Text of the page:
The Economics of Trusted Computing

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31 Οκτ 2013 (πριν από 4 χρόνια και 8 μήνες)

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The Economics of

Trusted Computing

Ross Anderson

Cambridge University and FIPR

Outline of Talk

Economics of networks

Economics of information security

Why information security seemed to be

What may be changing

Issues for business

Public policy issues

Basic Economics

Demand Curve

Price p


Supply Curve


Cost Curves

Price p


Price p


“General Motors”


Price Competition

If the marginal cost is zero, why doesn’t
price competition drive the price down to

Example: CD Phone books

1986 Nynex $10,000 per disk

1990 Digital Directory Assistance $300/disk

Now $19.95 or free on the Web

“Information wants to be free” (FSF)


IPR: Copyright, patent


Buying a product often commits you to
buying more


Complementary products


MS vs Mac (or now Linux)

Phone companies


Fundamental theorem of network
economics: Net Present Value of your
customer base = total cost of switching

in 2


Suppose you are an ISP, and it costs £25 to set up a
new customer; suppose it costs a customer £50 in
hassle to switch

If the NPV of a customer is £100, offer them £60 cash
back to switch; they are £10 ahead, you are £40
£25=£15 ahead.

Asymmetric switching costs make things
more complex

e.g. switching from cable to satellite is expensive, as
it means supplying a set
top box

However, the incumbent can bribe cheaply, for
example by supplying free channels

in 3

Incumbent tries to maximise switching
cost; competitor to minimise it

Loyalty programs

Hassle: e.g. email address change

Promote complementary goods and services, and
find ways to lock customers into them

Accessory control mechanisms that lock
customers into complements

Sony game cartridges

Printer toner cartridges

Phone batteries

Network Externalities

The more users, the valuable the network
is to each user

Examples: Telephone late 19


Fax 1985

Email 1995

“Metcalfe’s Law”: The value of a network
is proportional to the square of the
number of users

An approximation, as the value to each
user is non
linear, but good heuristic

Network Effects



nobody uses

uses it who
ever will

Virtual Networks

Example: PC and Software

Virtuous circle:

People buy PCs because lots of software available

Developers write software because lots of customers

Many other examples

Credit cards and merchants

VCR/DVD standards and media content

`Winner takes all’

Network effects and security

“Combination of high fixed costs/low
marginal costs, high switching costs and
network externalities, leads to a
dominant firm model”

One sentence summary of information economics

Huge first
mover advantages

Hence Microsoft’s traditional philosophy
of `We ship it Tuesday and get it right by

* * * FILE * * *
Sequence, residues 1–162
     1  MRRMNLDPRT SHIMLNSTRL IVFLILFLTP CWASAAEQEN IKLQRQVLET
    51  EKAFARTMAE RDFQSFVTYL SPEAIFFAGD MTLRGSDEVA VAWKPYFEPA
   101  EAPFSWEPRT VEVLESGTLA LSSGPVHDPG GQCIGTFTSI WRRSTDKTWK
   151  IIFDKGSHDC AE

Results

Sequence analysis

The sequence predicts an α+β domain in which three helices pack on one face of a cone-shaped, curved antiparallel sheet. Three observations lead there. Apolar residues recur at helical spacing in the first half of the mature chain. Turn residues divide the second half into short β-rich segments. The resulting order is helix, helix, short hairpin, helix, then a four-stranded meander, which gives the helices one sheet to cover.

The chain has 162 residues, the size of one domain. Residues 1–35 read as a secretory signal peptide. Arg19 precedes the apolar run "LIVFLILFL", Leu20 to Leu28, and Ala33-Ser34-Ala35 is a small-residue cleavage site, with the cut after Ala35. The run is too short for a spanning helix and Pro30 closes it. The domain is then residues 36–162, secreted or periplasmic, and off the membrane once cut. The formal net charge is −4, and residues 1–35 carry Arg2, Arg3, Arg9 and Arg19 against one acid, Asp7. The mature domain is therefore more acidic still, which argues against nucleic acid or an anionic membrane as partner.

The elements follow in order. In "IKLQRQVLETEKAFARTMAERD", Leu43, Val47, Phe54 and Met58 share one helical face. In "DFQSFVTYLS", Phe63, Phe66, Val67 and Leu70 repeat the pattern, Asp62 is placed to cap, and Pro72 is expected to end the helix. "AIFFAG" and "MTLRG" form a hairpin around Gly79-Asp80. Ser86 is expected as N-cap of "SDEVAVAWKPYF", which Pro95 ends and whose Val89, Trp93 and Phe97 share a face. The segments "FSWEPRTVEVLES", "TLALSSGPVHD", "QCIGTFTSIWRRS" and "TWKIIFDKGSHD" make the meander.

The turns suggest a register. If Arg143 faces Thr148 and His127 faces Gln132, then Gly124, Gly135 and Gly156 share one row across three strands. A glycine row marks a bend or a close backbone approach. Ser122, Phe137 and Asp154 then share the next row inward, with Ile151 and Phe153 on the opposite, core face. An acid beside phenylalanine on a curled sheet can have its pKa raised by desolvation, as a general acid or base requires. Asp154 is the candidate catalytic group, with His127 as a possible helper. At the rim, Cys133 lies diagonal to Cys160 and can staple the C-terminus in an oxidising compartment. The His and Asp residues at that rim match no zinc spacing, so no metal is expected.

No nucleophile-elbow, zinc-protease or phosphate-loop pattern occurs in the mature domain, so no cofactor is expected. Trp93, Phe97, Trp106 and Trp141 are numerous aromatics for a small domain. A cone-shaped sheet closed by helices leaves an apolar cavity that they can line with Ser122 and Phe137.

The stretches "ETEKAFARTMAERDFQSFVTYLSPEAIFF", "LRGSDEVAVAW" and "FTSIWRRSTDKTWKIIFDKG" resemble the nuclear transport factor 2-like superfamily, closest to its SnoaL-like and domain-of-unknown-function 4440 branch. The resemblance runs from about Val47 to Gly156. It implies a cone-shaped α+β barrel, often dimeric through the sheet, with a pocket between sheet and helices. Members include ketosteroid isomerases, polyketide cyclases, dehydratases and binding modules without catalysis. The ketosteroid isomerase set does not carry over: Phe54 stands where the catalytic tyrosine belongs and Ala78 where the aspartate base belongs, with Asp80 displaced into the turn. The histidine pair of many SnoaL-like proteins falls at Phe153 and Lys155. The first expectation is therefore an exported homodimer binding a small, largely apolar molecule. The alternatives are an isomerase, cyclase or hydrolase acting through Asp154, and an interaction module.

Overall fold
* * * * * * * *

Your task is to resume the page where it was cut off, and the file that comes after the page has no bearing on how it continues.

version 3’

Network effects and security

While building and entrenching a
monopoly, you need to create a
bandwagon effect with makers of
complementary products

Hence philosophy of making security easy
for developers to ignore or bypass

Hence also attraction of technologies like
PKI that dump maintenance costs,
complexity, configuration effort on user

Economics and security

Controlling the API is valuable

remember value = switching costs. So
keep API proprietary, obscure and
extensible (i.e., buggy)

Remember the `market for lemons’

customers can’t tell the difference, bad
products will drive out good ones

Expect lots of scaremongering

most of
the people who talk about security talk
up the threats

Security for whom?

Security tends to benefit the principal
who pays for it


GSM security, designed by the
phone companies, enabled them to cut
phone cloning but at expense of mobiles
bought with stolen credit cards or stolen
in street robberies

Costs of fraud shifted from phone
companies to banks and customers

Phone companies keep half the loot

TCPA / Palladium

Intel project started 1996 to build crypto
in main processor for DRM

After P3 serial number row, TCPA set up
with MS, IBM, Compaq, HP

Bill: `we started with music, then realised
that email etc was much more interesting’

Subsidiary goals: fix the software theft
problem, deal with free software, and
satisfy NSA/FBI

Economic logic: control compatibility

Original TCPA design

`Fritz’ chip secures boot process, ensures
a valid operating system, checks
hardware control list

Approved operating system them checks
that applications are approved (and paid

Applications enforce policies such as
DRM under control of policy servers

No `break once run anywhere’ attacks
(stolen/illegal content can be blacklisted)


Sell/rent music/videos/software online

Ensure that company emails evaporate
after 30 days, and are not printable

Hunt down and kill pirated movies and
leaked emails